Qatar, Al Nassr and the growing Gulf fanbase

Football took centre stage in the Gulf in 2022 with the World Cup in Qatar, while Saudi Arabia has played host to the Spanish and Italian supercups in recent years. The kingdom’s status in the sport was boosted by the signing of Cristiano Ronaldo by Al Nassr earlier this month – not to mention the recruitment of Ronaldo’s great rival, Argentina’s Lionel Messi, as a global ambassador for Saudi Tourism.

Joyce said: “The opportunity for the top 20 clubs to create new propositions to the 400 million-plus people in the Middle East represents a relatively untapped and emerging market from which to provide new content propositions, virtual match-day experiences and fan token propositions that can help these clubs shift from only monetising 5 percent of their fans (predominantly) in the local market, to identifying, reaching and engaging with the 95 percent of those global followers who currently do not spend money.”

Paris Saint-Germain star Neymar attempts something special against Rennes in a French league game on January 15. The club's Qatari owners have spent more than $1bn on transfers. Picture: Federico Pestellini/Panoramic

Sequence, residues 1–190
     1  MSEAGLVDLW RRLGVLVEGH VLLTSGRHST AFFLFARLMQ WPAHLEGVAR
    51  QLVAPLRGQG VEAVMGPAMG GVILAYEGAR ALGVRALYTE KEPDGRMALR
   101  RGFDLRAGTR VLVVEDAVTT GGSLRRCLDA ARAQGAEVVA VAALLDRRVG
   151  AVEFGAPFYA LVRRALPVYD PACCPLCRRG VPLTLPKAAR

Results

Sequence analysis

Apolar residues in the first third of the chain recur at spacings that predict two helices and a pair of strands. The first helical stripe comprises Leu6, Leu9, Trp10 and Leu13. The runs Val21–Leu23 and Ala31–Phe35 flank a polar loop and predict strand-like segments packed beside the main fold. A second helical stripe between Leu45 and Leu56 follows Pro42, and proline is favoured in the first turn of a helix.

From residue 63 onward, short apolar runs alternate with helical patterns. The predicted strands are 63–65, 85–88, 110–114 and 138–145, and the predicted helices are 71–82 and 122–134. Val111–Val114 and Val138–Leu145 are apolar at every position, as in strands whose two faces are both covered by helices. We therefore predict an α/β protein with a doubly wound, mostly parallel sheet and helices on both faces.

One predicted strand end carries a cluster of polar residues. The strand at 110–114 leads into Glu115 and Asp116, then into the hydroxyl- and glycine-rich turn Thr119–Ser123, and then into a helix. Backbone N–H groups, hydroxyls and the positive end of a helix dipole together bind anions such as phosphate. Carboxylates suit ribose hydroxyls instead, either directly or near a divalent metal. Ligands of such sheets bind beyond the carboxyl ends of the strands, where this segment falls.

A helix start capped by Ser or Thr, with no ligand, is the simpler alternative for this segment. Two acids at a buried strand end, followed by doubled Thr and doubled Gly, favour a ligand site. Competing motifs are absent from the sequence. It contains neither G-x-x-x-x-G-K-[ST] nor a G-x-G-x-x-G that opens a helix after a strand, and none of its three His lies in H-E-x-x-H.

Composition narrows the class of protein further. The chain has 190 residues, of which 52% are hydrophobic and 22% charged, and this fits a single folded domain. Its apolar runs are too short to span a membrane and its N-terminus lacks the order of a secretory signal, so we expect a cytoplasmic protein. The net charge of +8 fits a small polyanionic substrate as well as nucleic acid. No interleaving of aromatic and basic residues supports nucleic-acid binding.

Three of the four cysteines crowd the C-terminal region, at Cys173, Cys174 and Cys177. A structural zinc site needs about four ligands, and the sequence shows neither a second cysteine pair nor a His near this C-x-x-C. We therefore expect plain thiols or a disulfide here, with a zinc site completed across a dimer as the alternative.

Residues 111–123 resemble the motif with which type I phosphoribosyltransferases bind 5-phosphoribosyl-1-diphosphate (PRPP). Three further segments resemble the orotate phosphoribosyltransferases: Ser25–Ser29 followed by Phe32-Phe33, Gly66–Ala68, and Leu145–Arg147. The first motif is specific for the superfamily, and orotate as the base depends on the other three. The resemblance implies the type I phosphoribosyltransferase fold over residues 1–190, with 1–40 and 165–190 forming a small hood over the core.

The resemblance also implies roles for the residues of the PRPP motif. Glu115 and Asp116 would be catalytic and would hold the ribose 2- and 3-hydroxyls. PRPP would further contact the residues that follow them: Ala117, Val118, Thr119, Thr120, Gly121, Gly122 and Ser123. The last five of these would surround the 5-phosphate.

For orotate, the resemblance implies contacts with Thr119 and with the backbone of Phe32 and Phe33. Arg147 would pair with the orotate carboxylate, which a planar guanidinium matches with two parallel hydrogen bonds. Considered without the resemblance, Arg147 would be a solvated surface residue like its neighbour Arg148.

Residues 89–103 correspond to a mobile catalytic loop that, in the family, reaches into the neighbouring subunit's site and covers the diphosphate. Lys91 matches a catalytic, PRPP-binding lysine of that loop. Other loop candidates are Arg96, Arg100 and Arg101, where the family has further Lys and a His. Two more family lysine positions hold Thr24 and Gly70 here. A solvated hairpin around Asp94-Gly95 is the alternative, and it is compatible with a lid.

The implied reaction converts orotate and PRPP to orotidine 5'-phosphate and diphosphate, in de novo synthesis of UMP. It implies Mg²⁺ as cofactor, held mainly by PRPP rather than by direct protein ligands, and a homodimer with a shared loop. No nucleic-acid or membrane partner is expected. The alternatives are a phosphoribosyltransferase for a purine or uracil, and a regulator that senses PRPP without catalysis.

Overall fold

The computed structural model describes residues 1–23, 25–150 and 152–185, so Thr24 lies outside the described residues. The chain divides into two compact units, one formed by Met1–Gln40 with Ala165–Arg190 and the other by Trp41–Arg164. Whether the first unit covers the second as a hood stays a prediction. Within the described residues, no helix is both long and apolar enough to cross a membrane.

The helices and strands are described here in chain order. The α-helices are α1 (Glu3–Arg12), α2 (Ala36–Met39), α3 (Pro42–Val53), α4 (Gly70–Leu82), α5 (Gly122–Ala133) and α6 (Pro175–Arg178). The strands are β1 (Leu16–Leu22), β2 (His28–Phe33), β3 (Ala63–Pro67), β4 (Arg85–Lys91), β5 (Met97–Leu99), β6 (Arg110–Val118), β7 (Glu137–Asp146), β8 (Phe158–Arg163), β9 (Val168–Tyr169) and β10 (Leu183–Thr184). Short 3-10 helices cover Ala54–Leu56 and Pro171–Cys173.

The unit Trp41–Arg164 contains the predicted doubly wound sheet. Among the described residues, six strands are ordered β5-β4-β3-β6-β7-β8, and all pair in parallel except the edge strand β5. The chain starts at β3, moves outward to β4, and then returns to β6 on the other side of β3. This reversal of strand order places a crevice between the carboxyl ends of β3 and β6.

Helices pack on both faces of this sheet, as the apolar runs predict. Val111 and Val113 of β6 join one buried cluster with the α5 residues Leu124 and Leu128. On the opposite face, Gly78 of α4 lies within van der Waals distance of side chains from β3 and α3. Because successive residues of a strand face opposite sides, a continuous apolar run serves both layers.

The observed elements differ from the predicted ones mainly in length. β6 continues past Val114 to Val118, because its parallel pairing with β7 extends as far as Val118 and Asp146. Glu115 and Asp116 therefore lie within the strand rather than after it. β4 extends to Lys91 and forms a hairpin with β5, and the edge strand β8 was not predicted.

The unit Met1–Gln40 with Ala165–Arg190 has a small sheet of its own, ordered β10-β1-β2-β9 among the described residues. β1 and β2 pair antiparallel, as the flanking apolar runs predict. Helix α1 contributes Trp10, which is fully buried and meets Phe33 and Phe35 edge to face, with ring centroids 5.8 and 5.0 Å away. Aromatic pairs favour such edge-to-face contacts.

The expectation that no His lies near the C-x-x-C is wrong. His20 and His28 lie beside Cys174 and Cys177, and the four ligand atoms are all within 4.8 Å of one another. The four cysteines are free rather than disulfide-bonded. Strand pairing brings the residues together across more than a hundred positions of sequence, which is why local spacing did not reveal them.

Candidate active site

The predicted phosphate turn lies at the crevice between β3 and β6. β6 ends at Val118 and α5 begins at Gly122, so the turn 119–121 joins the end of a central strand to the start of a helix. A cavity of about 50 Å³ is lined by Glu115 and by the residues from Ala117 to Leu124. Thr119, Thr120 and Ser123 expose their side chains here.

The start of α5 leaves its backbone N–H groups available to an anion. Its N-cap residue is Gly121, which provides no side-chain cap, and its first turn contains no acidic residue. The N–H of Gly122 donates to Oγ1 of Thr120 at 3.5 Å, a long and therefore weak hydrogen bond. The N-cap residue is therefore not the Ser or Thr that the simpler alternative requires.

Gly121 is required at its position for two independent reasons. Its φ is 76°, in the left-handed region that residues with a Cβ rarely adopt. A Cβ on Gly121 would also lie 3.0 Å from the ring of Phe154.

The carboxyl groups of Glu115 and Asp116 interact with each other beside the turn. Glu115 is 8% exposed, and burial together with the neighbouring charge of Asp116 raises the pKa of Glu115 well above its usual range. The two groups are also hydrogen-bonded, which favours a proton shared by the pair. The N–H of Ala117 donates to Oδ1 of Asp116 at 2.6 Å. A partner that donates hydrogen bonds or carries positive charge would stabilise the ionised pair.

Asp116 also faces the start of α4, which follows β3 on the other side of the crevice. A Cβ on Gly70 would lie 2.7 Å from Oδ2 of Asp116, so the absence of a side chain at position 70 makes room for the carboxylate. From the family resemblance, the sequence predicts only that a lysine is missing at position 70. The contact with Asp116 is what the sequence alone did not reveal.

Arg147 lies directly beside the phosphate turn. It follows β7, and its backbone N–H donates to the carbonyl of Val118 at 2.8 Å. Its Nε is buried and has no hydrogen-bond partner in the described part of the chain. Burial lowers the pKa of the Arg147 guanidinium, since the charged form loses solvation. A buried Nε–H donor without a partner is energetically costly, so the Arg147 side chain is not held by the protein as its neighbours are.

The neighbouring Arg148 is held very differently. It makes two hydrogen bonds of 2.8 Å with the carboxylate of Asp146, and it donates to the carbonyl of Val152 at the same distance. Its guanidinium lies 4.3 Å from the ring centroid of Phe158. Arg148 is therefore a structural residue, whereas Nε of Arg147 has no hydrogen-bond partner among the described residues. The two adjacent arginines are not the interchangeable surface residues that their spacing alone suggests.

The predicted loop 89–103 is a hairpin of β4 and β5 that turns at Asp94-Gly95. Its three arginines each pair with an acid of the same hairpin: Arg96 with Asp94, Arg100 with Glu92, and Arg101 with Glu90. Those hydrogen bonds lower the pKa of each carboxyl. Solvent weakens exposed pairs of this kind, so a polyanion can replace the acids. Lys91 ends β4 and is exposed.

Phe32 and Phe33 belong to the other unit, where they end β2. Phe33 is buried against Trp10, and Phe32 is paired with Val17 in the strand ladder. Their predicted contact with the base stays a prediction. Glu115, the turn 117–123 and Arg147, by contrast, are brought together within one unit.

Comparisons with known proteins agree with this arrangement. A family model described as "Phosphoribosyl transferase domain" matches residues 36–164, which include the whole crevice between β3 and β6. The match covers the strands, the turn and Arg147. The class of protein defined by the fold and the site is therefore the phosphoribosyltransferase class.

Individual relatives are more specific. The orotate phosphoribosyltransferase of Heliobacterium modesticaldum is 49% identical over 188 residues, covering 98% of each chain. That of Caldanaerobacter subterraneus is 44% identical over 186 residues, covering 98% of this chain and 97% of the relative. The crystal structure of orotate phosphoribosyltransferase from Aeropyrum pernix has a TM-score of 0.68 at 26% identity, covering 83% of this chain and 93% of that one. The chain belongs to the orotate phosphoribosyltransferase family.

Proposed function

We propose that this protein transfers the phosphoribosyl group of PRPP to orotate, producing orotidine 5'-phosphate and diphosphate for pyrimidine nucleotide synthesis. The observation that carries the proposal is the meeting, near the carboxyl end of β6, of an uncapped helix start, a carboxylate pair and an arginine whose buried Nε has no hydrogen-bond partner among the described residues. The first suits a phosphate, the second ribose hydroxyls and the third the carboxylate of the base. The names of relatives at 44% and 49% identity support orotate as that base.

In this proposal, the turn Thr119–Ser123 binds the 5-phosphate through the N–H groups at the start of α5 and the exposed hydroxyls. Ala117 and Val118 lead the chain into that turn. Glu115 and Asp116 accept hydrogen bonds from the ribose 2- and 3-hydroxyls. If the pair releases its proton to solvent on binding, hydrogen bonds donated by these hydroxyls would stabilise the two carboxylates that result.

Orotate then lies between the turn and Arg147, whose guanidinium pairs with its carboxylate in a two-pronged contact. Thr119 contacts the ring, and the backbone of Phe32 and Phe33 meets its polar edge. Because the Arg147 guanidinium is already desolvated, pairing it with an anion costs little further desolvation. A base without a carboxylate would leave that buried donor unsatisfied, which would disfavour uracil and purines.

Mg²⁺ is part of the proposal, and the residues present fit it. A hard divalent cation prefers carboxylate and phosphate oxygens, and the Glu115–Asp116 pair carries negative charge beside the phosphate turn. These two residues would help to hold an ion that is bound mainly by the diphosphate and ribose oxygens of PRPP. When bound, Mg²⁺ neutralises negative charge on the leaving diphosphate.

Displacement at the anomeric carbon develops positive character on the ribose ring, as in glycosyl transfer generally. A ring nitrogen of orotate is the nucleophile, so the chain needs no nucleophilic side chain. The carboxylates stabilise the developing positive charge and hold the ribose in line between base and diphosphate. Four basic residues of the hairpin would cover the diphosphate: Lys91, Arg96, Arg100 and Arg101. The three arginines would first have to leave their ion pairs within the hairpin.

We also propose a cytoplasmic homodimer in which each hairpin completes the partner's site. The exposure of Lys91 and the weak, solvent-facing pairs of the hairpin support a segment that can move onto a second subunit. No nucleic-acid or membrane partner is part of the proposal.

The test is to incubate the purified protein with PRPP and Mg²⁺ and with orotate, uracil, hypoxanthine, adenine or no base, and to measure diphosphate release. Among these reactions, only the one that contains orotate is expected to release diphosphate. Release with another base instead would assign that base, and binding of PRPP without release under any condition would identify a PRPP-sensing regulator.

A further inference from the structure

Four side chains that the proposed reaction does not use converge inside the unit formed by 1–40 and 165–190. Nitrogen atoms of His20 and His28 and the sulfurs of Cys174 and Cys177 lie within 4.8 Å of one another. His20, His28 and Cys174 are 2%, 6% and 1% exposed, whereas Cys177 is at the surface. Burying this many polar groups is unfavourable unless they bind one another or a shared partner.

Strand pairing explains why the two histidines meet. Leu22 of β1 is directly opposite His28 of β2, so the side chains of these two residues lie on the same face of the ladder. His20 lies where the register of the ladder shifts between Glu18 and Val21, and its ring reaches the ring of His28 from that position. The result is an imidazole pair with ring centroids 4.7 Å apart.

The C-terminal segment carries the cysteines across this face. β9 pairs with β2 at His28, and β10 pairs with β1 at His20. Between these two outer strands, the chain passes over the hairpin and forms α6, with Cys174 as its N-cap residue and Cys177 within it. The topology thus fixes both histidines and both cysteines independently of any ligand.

Paris Saint-Germain star Neymar attempts something special against Rennes in a French league game on January 15. The club’s Qatari owners have spent more than $1bn on transfers. Picture: Federico Pestellini/Panoramic

Middle East rich list

Bought by Abu Dhabi United Group in 2008, Manchester City retained its position at the top of the Money League in 2021-22. Its €731 million revenue comprised €373 million from commercial activities, €294 million from broadcast deals and €64 million from matchday earnings.

Two more clubs in the top 20 are owned outright by Middle Eastern investors. Qatar Sports Investment first invested in Paris Saint-Germain in 2011 and took control of the club the following year. PSG was listed 5th after posting revenues of €654.2 million. Newcastle United is owned by a Saudi-backed consortium spearheaded by the kingdom’s Public Investment Fund. It took 20th spot.

Real Madrid (2nd), Arsenal (10th) and AC Milan (16th) all have shirt sponsorship deals with Emirates. Bayern Munich (6th) has ties to another of the region’s flag carriers, Qatar Airways. Israeli billionaire Idan Ofer owns a 30 percent stake in Atletico Madrid (12th). Everton (19th) is owned by Anglo-Iranian businessman Farhad Moshiri.